A-code on 8-bit machines

Continuing the discussion from A-code documentation:

A misunderstanding, I think. Internally, as currently implemented, an A-code game’s data structure consist of of just two large arrays. One is a byte array, holding all texts and descriptions, which are referenced by offsets into that array. The other is an int array, holding all information on game entities, which are referenced by offsets into that array. Entity descriptions are stored in the data array simply as offsets into the text one.

Yes, the A-code engine does cater for memory saves with SAVE MEMORY and RESTORE MEMORY commands. Using it creates yet another copy of the data array, of course. So there are up to three copies of that array. The current game one. The one created by RESTORE FILE for checking the integrity of the game dump. And the one used by SAVE MEMORY, if that is used.

Not knowing anything about z88dk, I am in no position to argues. Nevertheless, I would like to implement any necessary 8 bit tweaks into the main engine, if at all possible.

As I understand it, the main barrier to using the existing A-code system to produce code for 8-bit systems using modern cross compilers is the lack of memory on the target platforms.

Storing the same data in multiple arrays is not an issue for modern computers, but it would severely reduce the potential size of games on machines with 64Kb RAM or less.

Loading data from a separate file would help, but that would not be possible on some machines, due to a lack of support for file i/o in some compilers for those machines.

I’m not sure how practical it would be, but it could potentially save a lot of memory if even the location description data was converted to C switch statements which assigned the text to a single reusable string instead of an array.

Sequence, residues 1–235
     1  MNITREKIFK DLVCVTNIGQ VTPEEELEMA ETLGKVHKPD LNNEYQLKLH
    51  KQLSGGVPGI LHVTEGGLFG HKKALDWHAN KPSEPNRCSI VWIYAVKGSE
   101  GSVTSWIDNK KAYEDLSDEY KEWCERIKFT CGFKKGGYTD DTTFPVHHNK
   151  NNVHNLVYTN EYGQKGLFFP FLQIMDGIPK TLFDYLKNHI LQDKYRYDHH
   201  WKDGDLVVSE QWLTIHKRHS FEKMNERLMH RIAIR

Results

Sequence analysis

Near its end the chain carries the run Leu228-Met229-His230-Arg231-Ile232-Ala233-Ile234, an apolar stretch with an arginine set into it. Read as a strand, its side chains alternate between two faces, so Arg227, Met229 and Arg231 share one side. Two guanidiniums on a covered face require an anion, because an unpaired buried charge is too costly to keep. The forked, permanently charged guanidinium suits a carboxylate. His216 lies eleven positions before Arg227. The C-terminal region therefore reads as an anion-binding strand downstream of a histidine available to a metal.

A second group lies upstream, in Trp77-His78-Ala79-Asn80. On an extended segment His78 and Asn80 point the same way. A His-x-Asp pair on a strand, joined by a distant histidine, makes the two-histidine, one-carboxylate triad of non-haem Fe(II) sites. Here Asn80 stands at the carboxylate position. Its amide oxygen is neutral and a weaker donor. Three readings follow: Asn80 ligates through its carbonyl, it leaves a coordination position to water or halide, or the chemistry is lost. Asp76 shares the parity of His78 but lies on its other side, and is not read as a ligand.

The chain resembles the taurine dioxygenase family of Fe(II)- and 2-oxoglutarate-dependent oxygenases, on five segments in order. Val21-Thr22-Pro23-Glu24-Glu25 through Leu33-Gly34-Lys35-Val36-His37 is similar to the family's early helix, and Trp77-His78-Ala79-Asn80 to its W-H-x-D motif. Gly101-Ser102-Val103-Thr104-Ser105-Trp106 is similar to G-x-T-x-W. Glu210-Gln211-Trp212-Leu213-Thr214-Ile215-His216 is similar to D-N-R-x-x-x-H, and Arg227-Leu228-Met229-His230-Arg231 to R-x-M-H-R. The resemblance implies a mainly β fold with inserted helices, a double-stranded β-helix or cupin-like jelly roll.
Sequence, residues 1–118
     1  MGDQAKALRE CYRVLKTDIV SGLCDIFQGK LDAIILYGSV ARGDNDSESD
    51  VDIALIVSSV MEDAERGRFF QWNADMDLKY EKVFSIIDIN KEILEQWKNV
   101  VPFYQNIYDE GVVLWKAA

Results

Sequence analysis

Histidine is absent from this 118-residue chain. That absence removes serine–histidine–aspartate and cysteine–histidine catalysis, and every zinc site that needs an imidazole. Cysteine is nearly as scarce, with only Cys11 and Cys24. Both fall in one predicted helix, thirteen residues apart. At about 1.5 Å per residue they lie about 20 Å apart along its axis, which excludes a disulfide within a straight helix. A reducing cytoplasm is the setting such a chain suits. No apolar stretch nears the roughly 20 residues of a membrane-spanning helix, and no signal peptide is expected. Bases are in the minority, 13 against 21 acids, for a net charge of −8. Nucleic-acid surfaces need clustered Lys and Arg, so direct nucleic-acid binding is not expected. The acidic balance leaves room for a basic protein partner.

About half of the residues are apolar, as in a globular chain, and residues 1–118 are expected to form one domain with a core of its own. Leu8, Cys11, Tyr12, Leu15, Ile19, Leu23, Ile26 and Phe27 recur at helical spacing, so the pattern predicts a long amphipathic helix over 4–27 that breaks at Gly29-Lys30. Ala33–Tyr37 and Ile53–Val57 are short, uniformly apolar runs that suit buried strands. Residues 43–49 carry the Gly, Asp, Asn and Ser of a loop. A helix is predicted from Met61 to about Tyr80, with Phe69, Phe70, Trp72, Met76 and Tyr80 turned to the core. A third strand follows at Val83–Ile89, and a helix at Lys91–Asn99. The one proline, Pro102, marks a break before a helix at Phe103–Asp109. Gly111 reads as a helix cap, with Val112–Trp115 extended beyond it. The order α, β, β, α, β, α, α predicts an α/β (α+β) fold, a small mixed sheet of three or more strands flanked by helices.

It has been more than a few years since I used C, but something like this:-

switch (room_number)
  case 1:
    room_description = "You are outside a small brick building."
  case 2:
    room_description = "You are by a stream."
    room_description = "You are in limbo. Something has gone wrong."

I probably have the syntax wrong, but hopefully you get the general idea.

Sorry, your switch example makes no sense for A-code. Rooms in A-code are not and cannot be identified by numbers. They have arbitrary names. These names are converted into numbers by the translator and it is the derived C code that uses numbers as entity identifiers. You seem to be conflating A-code source and the derived C source. So e.g.

place building.front
  You are outside a small brick building.
place by.stream
  You are by a stream.
place limbo
  You are in limbo.